Rotsky said a group effort helped guide Gibson Jr. toward the appropriate decisions — if Gibson Jr. was late for practice or missed a class, the coach called Gibson Sr. or Morris.
“And he’d be like, ‘Where’s your son at?'” Gibson Sr. remembered. “And I’d call [Gibson Jr.], and I’d be like, ‘Shelton, you know Coach Rotsky done called me, man. Go to practice.'”
Thanks to the strict guidance, Gibson Jr. never dipped into serious trouble during school, his father said. Soon the scholarship offers started rolling in, and Little Shelton was ascending toward his dream.
“I think very highly of Coach Rotsky,” Katie Gibson said. “He took him up under his wing, and he saw something in Shelton.”
Shelton Gibson Jr. (No. 1) poses with (from left to right) Jeff Rotsky, Shelton Gibson Sr., a Cleveland Heights assistant coach and Katie Gibson. (Photo courtesy of Shelton Gibson Sr.)
The thought of Gibson Jr.’s athletic potential materialized at different times for Rotsky, Gibson Sr., Katie Gibson.
Rotsky remembered that Gibson mesmerized coaches during offseason workouts — he said a Bowling Green recruiter offered the wideout a scholarship during his freshman season, before even watching him play. The Bowling Green coach simply saw Gibson Jr. run through speed drills, Rotsky said, and felt compelled to pull the trigger.
Gibson Sr. recalled a game during his son’s freshman season when he returned a kickoff to about midfield before defenders swarmed him. Fans looked down, assuming the play was over, Gibson Sr. said. But Little Shelton bounced out of harm’s way, blew past would-be tacklers and sprinted into the end zone for a touchdown.
“That’s when I was like, ‘He’s going to do something with this,” Gibson Sr. said.
Katie Gibson, meanwhile, was never fully convinced. She loved going to her grandson’s games and cheering as he hauled in catch after catch and sped by defensive backs.
But it wasn’t until a teacher at a nearby school voiced her opinion that Katie Gibson began to consider the possibilities sitting before her grandson.
“God let other people see it,” Katie Gibson said. “One of the teachers that I work with, they were playing against Shaw High School, the Cardinals, and when she saw him perform, she said, ‘Mother Gibson, he’s going to the NFL.'”
Gibson Jr.’s rise unfolded quickly. While his father’s football career petered out in high school — “I could run, but I couldn’t catch,” Gibson Sr. said — Little Shelton was raking in high-major scholarship offers midway through his high school career.
Playing at Cleveland Heights helped. The school had produced a handful of NFL players, including Eagles center Jason Kelce and his brother, Chiefs tight end Travis Kelce.
So recruiters and media outlets knew where to find Gibson Jr. — and they did. He was an Army All-American as a senior in high school, enrolled at West Virginia and racked up 17 touchdown receptions over three seasons with the Mountaineers.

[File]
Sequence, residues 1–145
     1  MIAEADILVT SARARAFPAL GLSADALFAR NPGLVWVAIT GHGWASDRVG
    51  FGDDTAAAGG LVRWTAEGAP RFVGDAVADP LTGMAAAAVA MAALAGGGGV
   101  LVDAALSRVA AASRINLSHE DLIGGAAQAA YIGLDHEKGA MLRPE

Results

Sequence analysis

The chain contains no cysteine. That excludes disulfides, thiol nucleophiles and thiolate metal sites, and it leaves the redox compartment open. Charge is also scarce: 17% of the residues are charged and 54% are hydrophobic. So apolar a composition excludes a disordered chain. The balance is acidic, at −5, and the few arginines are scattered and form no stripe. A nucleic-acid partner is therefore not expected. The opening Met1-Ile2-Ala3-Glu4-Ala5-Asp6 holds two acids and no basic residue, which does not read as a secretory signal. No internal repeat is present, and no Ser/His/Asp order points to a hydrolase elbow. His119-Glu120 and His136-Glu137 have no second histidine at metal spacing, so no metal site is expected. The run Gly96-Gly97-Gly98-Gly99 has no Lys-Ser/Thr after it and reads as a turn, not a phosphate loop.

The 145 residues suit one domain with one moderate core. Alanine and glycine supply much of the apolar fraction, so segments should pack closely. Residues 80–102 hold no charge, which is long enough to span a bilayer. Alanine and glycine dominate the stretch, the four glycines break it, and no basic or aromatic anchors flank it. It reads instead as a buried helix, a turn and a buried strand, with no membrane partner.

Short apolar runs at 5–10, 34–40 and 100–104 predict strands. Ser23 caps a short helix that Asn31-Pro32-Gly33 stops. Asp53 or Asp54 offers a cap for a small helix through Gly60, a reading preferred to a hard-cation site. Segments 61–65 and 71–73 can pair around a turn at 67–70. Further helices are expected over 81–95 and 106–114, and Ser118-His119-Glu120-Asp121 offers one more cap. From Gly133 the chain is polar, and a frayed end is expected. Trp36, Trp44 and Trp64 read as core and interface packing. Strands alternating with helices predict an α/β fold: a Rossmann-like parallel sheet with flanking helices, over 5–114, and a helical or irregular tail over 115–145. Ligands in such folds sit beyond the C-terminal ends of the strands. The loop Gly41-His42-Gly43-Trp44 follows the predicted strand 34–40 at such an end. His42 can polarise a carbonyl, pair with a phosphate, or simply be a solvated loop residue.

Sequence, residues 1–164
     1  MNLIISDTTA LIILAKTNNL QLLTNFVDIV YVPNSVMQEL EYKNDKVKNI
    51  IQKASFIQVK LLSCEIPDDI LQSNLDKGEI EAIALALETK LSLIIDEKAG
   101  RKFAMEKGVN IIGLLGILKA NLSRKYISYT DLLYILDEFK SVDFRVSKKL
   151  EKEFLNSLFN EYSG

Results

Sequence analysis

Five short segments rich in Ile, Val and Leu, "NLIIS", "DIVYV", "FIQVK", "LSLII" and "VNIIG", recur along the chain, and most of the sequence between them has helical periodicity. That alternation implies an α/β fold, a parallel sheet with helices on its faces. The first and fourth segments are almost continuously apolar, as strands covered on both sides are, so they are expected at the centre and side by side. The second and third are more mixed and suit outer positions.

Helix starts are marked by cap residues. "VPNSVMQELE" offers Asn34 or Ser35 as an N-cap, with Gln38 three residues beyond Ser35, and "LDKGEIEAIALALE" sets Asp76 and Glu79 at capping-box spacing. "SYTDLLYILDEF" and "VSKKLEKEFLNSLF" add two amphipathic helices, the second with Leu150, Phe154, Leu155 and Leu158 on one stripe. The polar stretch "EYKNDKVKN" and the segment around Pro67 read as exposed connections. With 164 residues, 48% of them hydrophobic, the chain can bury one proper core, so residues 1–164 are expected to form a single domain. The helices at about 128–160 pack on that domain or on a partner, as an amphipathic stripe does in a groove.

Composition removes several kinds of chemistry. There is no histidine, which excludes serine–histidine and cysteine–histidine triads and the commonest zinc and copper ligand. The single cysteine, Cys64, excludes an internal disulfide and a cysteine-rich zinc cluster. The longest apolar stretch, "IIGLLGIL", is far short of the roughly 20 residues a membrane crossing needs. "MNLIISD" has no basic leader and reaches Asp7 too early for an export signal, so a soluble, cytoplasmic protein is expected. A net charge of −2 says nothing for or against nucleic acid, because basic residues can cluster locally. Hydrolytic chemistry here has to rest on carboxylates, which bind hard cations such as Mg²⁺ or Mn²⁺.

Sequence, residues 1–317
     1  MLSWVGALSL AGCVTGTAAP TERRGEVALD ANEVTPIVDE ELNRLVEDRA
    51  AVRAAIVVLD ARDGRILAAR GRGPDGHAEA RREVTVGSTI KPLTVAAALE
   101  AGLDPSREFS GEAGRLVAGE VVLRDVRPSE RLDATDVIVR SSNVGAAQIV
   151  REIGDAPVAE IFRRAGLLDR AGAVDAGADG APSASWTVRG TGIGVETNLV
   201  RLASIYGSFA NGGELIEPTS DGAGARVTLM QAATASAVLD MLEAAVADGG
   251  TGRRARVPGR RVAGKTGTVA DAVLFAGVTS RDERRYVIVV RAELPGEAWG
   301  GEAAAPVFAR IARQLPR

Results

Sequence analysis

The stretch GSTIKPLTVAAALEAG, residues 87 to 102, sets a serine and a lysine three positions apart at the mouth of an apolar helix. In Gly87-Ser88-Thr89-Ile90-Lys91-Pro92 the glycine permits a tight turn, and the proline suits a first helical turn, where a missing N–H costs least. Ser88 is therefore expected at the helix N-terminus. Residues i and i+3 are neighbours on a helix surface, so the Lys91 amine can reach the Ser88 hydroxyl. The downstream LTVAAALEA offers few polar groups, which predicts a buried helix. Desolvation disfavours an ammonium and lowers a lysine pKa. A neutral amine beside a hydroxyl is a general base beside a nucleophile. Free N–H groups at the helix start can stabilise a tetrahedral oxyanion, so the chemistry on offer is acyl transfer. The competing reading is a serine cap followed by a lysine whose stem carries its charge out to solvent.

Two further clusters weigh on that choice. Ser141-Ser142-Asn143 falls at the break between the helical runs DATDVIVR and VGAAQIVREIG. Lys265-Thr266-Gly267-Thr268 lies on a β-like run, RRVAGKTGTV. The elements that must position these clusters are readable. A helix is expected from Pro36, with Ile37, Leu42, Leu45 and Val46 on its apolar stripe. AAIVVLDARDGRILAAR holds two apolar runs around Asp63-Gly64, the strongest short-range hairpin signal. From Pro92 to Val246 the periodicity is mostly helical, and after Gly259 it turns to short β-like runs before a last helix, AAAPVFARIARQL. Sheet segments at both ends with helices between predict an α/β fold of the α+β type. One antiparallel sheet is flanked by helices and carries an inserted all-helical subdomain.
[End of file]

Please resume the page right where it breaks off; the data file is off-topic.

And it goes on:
He declared for the NFL draft, and he watched with family members April 29 as his name popped on the screen. The Eagles, in need of a wide receiver to stretch the field, selected Gibson in the fifth round, with the 166th pick.
“I know they thought I was a crazy old woman,” Katie Gibson said. “I screamed at the top of my lungs praising the Lord. I kept thinking, ‘This is not real, this is not real. Somebody pinch me because this is not real.'”
West Virginia wide receiver Shelton Gibson is seen in a drill at the 2017 NFL football scouting combine Saturday, March 4, 2017, in Indianapolis. (AP Photo/Gregory Payan)
Rotsky thought it was funny that, tucked away in Gibson’s bio on the West Virginia athletics website, there’s a mention of his former player’s 3.6 GPA and spot on the Big 12 honor roll. Many teachers at Cleveland Heights never saw that coming, Rotsky said, because of Gibson Jr.’s background and energetic personality.
And Gibson Sr. still chuckles when he thinks about Gibson Jr.’s journey, recalling those football movies. He didn’t turn those on because he thought his son would reach the NFL; instead, he just wanted to infuse some inspiration into his life.
Gibson Sr. doesn’t know what impact those movies had on his son’s life, if any at all. But he knows Gibson Jr. developed a goal and that he’ll move one step closer toward it when he slips on an Eagles jersey Friday to begin rookie minicamp.
“I’m really thankful to God that he really listened,” Gibson Sr. said. “It’s a very exciting, emotional feeling when you can Google your name and see your son in the paper, and it’s not for nobody getting robbed or nobody getting killed or nothing. It’s positive.
“It’s just an awesome feeling. I’m really glad. I’m really happy for Shelton that he had a dream and he stuck to it.”